The Northern Laughing Treefrog (Litoria rothii) is a medium sized hylid from tropical northeastern Australia. Unlike some other species of Australian "treefrogs" the Northern Laughing Treefrog is found in trees.
I generally found this species calling from trees near the edge of ponds. They typically called from the trunk of the tree or the base of a larger branch.
The name Laughing Treefrog is a description of their call. At first it is a bit like a dry rattle, but once they get going it is a gently descending chuckle that lasts around 1/2 a second.
Although the individual shown in the video below only calls twice, you can hear the chorus of other Litoria rothii calling all around him. This was filmed near Lake Mitchell, Queensland on December 17, 2014.
My first encounter with this species took me by surprise. I was birdwatching at a large swampy pond called Hastie's Swamp near Atherton, Queensland. I was looking at birds from inside a two story wooden blind. I had been in the bird blind for at least an hour when suddenly I was startled by this loud chuckling call from inside the blind with me. I looked around and noticed that there were groups of Litoria rothii roosting in the rafters of the blind all around me. I hadn't noticed them until they had called even though they were fairly conspicuous. I counted over 30 of them in the blind with me. In the photo below, you can see the gular pouch of a couple of these frogs as they began to call.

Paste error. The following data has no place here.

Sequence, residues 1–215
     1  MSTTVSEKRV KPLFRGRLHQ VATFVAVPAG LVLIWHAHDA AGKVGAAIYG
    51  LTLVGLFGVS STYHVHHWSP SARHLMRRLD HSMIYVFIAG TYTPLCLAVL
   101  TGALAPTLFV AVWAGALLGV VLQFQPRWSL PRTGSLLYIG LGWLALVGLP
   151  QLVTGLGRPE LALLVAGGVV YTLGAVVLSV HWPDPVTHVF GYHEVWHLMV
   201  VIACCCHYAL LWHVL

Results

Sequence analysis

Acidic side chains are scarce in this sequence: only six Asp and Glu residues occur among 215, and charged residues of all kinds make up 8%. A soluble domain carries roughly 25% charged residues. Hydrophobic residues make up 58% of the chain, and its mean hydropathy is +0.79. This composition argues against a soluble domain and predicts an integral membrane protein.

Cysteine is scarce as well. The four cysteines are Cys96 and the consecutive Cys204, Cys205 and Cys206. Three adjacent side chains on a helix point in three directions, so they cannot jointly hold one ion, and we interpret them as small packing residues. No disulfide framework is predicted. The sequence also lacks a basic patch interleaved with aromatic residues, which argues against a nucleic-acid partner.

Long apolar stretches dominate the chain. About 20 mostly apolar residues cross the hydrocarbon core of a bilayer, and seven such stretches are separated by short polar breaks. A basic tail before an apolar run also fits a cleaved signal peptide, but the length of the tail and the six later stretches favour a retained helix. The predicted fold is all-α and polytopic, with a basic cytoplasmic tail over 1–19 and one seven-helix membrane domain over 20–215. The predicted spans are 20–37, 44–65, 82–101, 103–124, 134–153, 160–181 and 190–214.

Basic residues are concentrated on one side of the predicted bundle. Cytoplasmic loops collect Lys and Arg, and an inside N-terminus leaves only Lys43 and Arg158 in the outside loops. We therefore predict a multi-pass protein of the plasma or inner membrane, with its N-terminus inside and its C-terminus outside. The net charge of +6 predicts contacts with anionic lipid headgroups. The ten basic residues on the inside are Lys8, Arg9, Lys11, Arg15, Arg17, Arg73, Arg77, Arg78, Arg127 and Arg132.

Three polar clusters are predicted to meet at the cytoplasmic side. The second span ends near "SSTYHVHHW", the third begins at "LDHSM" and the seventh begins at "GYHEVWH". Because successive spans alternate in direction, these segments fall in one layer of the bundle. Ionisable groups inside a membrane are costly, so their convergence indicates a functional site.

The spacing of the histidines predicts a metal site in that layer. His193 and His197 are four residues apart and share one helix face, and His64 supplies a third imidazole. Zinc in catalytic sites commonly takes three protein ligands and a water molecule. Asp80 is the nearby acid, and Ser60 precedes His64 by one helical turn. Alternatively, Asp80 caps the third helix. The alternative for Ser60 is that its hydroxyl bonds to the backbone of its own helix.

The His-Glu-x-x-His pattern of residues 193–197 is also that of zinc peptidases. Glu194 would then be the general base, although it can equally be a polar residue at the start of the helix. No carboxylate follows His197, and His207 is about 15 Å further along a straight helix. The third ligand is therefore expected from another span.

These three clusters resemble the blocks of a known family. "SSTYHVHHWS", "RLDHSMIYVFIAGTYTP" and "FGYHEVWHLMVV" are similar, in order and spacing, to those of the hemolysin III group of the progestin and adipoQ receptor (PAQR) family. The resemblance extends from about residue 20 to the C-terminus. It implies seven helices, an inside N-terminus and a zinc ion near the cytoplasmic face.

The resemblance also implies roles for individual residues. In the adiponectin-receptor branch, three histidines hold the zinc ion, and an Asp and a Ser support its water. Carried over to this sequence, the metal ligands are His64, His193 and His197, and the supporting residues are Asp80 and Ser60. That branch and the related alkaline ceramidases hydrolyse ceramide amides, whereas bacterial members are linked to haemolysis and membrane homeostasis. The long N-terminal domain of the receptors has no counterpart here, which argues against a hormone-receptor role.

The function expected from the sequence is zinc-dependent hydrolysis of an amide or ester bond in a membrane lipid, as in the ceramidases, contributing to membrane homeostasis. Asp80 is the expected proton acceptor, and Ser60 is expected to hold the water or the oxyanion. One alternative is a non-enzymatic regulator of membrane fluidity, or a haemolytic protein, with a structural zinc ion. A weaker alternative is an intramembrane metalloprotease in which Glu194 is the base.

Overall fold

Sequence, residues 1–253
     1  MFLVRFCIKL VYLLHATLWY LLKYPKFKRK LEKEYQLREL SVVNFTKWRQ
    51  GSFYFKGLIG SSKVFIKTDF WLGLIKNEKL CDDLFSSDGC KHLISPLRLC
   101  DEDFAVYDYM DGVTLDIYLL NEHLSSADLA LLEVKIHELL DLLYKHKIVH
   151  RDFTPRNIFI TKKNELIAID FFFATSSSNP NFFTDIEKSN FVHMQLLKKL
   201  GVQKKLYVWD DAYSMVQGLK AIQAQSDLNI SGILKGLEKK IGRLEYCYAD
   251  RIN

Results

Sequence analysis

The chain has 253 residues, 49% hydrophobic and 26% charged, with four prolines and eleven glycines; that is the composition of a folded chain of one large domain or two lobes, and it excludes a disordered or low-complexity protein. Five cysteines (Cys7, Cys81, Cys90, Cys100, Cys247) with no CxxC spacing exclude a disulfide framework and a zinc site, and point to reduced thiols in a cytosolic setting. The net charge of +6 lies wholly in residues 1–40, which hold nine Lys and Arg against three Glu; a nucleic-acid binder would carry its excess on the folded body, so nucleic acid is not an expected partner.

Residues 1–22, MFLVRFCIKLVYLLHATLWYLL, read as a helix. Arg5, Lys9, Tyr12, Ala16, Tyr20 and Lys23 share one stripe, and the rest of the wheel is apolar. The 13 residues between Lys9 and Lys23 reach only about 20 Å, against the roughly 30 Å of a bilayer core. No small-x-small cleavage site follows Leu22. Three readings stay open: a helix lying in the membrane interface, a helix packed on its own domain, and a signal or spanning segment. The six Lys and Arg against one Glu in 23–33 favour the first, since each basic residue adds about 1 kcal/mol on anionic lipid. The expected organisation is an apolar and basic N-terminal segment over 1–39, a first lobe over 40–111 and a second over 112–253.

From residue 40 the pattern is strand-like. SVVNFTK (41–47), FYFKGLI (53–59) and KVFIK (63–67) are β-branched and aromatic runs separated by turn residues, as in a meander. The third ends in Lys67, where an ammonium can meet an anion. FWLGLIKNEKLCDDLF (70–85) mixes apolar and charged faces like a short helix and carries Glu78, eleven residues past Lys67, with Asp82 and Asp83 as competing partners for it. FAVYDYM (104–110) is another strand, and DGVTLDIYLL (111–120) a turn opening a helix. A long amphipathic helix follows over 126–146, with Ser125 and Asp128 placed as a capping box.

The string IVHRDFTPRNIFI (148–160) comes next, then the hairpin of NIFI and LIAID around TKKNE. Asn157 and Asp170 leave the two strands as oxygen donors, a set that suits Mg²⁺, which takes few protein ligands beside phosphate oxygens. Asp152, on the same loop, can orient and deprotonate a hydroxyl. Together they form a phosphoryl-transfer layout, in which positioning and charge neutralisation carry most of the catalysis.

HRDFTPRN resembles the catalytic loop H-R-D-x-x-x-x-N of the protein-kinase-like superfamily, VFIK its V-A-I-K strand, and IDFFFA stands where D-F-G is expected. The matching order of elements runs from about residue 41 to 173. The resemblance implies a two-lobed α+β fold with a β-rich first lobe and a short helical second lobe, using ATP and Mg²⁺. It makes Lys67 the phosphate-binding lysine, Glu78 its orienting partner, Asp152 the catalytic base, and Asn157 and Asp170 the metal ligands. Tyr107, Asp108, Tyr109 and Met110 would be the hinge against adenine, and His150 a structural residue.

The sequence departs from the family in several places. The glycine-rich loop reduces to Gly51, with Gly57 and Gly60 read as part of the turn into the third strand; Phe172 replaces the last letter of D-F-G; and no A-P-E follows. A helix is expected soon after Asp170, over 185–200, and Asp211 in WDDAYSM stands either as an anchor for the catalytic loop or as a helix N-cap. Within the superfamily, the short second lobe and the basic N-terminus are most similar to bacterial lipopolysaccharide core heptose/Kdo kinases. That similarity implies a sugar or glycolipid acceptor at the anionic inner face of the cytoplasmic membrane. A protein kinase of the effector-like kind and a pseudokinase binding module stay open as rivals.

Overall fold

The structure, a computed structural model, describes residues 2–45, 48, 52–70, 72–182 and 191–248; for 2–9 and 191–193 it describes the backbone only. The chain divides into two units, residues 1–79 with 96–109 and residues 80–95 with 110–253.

As it began to get dark, they started calling periodically from the rafters inside the blind. Here's a sample of what it sounded like. You can hear the "rattle" like nature of their call as they first start singing for the evening.
Strangely, they called periodically from inside the blind here as it began to get dark even though they were inside a wooden blind a good 30 feet away from the water.
© Chris Harrison 2014